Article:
best-long-range-cartridgesAt this point, you might think that Precision Rifle is all about scopes, and it’s not. That’s just an example of what he’s got for you over there. Here’s another example — a chart from a long article on the calibers most used by National Championships’ top 50 competitive shooters. It’s interesting that the question of caliber is now down to 6 or 6½ millimeters, at least among top 50 competitors. We didn’t know that before reading it on Precision Rifle.

Go, and return smarter, grasshoppers.

6 thoughts on “Wednesday Weapons Website of the Week: Precision Rifle Blog

  1. Aesop

    This is the internetz we were promised before it got bastardized by faux-intellectual hacks and marketing fools. (The pr0n of all types I can live with: WYSIWYG.)
    Thanks for sharing.

  2. Stefan van der Borght

    It was a surprise to hear you have to suffer a daily four figure deluge of spam. May a thousand camel fleas infest their nether regions.

    It was also disappointing to see Expat nearly pulled the pin on his WM-surfing because of his comments getting caught in the anti-spam defences…and thanks for the gracious way you handled his dummy-spit. I’ve had a few comments go adrift lately, maybe I’ve made myself odious or perhaps I got eaten by the antispam rottweilers as well.

    You don’t feature much cold steel on the site, and sadly most of what does appear is in the WGAO category in the hands of reprobates. I reminded myself of a project just now, and thought perhaps it or the site it features on may serve as a WWW someday, or hopefully at least be something different to look at.

    It’s an interesting weapon from the days where guns had just become more than novelties, but not yet reliable enough for the soldier to ditch his traditional and proven weapons; and the sword was regarded as the queen of hand weapons as it excelled in defence against all the rest. This meant the handgunner of the time could cut down on armour and didn’t need a shield, and wasn’t burdened with a polearm. Anyway, enough of my blather, here’s the link, enjoy:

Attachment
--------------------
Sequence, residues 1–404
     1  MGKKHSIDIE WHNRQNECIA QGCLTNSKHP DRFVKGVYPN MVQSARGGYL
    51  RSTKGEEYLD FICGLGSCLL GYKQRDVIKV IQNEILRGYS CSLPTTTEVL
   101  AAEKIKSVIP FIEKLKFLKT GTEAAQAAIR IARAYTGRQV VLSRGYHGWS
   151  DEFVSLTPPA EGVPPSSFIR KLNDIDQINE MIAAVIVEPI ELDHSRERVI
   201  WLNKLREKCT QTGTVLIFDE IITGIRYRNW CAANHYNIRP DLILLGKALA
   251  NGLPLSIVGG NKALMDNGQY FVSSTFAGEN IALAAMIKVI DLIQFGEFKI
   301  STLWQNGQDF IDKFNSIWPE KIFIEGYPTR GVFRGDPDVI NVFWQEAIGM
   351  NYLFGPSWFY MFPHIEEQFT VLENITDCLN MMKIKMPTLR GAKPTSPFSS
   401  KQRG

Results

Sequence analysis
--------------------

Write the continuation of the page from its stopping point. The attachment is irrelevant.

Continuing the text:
http://www.myarmoury.com/review_pmc_hh.html

    p.s. The micro-crossbow project got stalled, too much IRL crap bubbled up, but it’s coming back online, and with the lovely local weather I might get a first limited run completed, tested, and ready to ship; to a suitably anonymous location, considering this is the internet after all. I’ll see if the Slingshot guy will autograph one for your boy.

  3. Pingback: WeaponsMan: Precision Rifle Blog | Western Rifle Shooters Association

  4. Pete

    Holy Data Dump, Batman!
    That website is awesome. Thank you for the heads up. I agree, like the stuff Andrew Tuohy puts out.
    They haven’t written a lot in the last couple years but the stuff Scott Berish over at the Liberty Optics Blog and Ilya Koshkin on Opticsthoughts is also very good.

    1. Hognose Post author

      Great tips, Pete. And an old 10th Group bud sent me another data-dump-like precision shooting website today. When it rains, it pours.

Comments are closed.